Spiral-Bound - Aaron Renier

I'd first come across Aaron Renier's book at Comic-Con this year, and the clever packaging caught my eye. You can't judge a book by its cover, they say, but when it comes to comics it's a little more reasonable. For serial comics, where the cover art is often a much more detailed and interesting drawing than the interiors, I'm often disappointed once I actually open it up, but for book-form comics and graphic novels, what you see on the cover is usually a good indication of what's inside. Spiral-Bound is designed to look like an old spiral-bound notebook, with a pencil tucked in the spirals, the ruled lines on the edge, and a scribbly pen drawing on the cover.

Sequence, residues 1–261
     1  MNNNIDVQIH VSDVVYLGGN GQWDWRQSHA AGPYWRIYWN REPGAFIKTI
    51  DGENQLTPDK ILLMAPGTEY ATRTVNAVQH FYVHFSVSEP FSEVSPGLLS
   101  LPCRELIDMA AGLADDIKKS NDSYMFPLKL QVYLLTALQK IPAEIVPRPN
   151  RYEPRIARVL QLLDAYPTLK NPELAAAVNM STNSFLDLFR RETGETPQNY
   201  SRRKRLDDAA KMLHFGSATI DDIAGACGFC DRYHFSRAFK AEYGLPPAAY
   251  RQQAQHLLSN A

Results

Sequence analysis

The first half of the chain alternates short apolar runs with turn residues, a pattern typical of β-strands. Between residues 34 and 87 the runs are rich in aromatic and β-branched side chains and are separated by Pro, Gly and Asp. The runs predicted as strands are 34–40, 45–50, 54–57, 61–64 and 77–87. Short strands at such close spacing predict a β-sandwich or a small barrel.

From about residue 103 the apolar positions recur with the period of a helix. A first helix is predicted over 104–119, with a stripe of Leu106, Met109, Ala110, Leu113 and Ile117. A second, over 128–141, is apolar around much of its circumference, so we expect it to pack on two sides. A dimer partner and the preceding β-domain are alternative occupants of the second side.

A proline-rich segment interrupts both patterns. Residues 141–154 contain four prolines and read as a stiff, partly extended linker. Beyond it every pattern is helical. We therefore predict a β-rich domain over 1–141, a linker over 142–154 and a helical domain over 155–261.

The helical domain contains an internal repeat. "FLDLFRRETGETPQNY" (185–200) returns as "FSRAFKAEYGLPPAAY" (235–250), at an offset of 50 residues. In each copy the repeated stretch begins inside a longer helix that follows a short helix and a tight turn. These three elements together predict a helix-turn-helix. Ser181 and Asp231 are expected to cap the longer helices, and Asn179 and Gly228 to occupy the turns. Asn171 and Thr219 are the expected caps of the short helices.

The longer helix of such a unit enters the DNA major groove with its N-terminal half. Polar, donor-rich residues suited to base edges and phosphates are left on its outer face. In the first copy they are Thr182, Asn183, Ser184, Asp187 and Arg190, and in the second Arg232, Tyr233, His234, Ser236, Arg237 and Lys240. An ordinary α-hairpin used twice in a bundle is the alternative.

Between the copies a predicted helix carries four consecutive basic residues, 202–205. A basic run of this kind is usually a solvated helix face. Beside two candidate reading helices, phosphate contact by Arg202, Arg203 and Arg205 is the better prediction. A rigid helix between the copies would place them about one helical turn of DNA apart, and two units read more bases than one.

The drawings inside are done with a brush pen, and have a similar tone to Craig Thompson's artwork (think Goodbye, Chunky Rice more than Blankets), but with perhaps a more light-hearted tone. The world of Spiral-Bound is populated with anthropomorphized animals (the little bubble-vehicles that aquatic animals drive around are particularly ingenious). There are meddling kids, secret passages, an underground newspaper, angry mobs, and a mysterious lake monster which may or may not exist.

It's a wonderful romp of a book, one that's kid-friendly without being dumbed down. I'm glad to have it in my collection, and I'll definitely be reading it again.

Fed to jonathan's brain | November 04, 2005 | Comments (0)


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